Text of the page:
Linux and Unix-like shells like bash allow for the use of globs to approximate filenames and make file searching easier. I'm aware of the wildcard glob (*). What other globs exist in bash that I can make use of with grep?

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    grep uses regular expressions; these are different than globs. Some grep implementations use globs with options like --exclude=GLOB but I think these options are not required by POSIX. So you shouldn't assume grep knows anything about globs. – Kamil Maciorowski Sep 18 '18 at 22:09
  • @KamilMaciorowski I'm aware of the difference between globs and regex, but I was under the impression that GNU grep supports globs by default (even with grep -F) just like most other commands in bash. – Hashim Sep 18 '18 at 22:11
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    "just like most other commands in bash" – grep is not a "command in bash" but a separate executable that you can run without a shell, if you know how. You should carefully distinguish globs expanded by bash before grep (or any command invoked in a shell) even runs from globs, regular expressions or anything alike that is supported by the command itself. – Kamil Maciorowski Sep 18 '18 at 22:16
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    The shell will expand globs before passing them to grep in the argument list. Thus, grep -f *.txt will expand to something like grep -f file1.txt file2.txt file3.txt, and grep will interpret file1.txt as the file to read search patterns from, and file2.txt and file3.txt as files to search for those patterns. grep has no idea whatsoever that there was a glob pattern involved, it only knows that it got the strings "-f", "file1.txt", "file2.txt", and "file3.txt" as arguments. – Gordon Davisson Sep 19 '18 at 2:09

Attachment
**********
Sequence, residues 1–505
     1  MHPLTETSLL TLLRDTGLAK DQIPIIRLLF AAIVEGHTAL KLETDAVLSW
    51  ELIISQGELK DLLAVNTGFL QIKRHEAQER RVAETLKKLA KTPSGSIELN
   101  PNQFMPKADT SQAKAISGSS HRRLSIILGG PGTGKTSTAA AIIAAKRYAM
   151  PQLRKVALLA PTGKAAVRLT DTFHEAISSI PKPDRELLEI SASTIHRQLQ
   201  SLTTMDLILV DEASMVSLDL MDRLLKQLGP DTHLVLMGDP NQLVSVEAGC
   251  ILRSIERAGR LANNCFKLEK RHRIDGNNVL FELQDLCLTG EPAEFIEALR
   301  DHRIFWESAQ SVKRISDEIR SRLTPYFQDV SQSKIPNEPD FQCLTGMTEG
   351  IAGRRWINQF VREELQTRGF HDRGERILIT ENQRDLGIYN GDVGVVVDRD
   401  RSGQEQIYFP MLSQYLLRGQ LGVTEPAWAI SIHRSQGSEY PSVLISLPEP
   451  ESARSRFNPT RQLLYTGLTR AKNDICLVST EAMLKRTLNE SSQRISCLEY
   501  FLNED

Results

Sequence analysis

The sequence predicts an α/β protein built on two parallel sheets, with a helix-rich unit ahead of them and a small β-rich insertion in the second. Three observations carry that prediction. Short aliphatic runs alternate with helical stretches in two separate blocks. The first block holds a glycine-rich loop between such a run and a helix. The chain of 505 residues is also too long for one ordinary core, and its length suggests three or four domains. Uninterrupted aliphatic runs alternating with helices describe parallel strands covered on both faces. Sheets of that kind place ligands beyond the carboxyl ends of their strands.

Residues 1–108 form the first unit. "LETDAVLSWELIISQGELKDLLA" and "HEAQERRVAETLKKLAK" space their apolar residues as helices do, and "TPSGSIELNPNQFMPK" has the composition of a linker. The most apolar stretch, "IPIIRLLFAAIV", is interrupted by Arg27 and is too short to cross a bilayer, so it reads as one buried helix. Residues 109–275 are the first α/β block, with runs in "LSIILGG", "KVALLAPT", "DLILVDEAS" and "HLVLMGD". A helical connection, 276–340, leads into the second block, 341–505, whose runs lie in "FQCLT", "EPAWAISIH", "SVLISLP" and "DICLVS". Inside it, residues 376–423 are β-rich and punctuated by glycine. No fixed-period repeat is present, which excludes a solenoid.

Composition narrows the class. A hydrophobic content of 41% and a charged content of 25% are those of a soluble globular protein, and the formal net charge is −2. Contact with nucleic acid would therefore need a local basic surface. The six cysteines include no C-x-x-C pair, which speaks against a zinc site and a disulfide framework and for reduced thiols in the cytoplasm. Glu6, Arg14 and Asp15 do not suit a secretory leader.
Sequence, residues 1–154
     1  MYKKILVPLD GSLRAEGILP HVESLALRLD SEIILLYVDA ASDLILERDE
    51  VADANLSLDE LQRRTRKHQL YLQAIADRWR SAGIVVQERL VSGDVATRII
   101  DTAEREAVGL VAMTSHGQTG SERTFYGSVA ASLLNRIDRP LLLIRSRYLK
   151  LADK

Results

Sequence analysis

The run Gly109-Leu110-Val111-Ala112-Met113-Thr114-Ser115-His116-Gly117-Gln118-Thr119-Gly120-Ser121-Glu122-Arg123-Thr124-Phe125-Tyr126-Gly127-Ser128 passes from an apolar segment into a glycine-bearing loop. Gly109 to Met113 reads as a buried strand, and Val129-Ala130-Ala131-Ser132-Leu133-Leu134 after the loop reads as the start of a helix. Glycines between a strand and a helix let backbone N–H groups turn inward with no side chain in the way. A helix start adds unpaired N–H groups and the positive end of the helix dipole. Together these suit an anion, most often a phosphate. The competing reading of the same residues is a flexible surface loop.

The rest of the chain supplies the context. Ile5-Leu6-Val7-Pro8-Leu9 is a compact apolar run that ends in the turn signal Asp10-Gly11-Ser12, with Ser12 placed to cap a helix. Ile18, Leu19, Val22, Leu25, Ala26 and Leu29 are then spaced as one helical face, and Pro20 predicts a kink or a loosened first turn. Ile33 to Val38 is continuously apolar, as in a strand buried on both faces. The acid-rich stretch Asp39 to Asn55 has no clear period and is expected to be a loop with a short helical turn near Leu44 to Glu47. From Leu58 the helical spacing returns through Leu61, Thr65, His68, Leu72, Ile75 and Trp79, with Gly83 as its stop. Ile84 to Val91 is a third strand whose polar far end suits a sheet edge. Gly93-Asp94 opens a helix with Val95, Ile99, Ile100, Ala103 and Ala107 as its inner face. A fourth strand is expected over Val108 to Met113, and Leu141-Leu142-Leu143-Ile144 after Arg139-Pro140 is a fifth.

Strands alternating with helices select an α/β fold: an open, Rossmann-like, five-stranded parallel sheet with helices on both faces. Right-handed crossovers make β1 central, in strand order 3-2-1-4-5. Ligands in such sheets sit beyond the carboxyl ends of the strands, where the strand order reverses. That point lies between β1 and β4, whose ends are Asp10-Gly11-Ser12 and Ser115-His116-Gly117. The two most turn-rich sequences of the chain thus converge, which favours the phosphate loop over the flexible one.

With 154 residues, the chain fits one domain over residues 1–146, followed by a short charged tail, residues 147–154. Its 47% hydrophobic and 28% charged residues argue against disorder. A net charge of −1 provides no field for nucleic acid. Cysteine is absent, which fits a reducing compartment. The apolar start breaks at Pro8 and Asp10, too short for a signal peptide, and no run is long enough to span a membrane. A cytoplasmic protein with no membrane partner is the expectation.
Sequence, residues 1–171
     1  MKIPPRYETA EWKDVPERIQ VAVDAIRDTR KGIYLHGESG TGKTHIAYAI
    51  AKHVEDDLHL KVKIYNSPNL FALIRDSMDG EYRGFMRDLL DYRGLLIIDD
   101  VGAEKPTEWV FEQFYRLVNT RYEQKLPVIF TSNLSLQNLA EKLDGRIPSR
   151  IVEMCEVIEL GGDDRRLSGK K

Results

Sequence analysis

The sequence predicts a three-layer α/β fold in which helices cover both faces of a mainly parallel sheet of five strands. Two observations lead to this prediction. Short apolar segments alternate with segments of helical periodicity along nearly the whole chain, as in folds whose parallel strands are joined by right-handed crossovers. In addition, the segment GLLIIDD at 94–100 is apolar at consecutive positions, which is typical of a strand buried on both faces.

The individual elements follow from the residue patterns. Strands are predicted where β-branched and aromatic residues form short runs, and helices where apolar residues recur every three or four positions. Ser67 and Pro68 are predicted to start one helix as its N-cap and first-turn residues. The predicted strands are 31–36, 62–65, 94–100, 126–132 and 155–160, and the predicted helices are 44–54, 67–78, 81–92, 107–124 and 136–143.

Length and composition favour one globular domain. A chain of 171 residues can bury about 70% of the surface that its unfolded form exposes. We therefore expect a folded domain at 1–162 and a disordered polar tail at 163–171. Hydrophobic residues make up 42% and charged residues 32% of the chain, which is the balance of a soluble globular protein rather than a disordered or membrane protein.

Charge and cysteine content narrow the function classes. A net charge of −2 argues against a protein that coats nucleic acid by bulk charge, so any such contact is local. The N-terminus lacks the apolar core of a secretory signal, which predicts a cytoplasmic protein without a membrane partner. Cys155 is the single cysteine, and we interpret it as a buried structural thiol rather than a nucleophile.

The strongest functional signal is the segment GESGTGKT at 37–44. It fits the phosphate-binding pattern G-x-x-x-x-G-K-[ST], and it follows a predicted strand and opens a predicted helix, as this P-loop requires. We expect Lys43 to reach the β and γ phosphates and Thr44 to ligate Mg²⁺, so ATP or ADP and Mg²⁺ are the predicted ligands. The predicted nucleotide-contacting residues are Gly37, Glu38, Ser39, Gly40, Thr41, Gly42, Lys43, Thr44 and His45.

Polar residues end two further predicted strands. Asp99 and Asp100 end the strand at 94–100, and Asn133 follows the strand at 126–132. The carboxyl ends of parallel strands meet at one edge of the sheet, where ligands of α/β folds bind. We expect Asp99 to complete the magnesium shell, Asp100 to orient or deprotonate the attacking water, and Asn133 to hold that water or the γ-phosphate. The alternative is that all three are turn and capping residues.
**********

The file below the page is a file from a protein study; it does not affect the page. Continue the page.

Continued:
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    Invoke set -x (use set +x to revert this later). Then run grep -f *.txt 1>/dev/null 2>/dev/null (redirections are just to make the command itself silent). Whatever you see after + is the actual command. Try it in directories with 0, 1 or more matching files. You will see what arguments grep really gets. – Kamil Maciorowski Sep 19 '18 at 6:44

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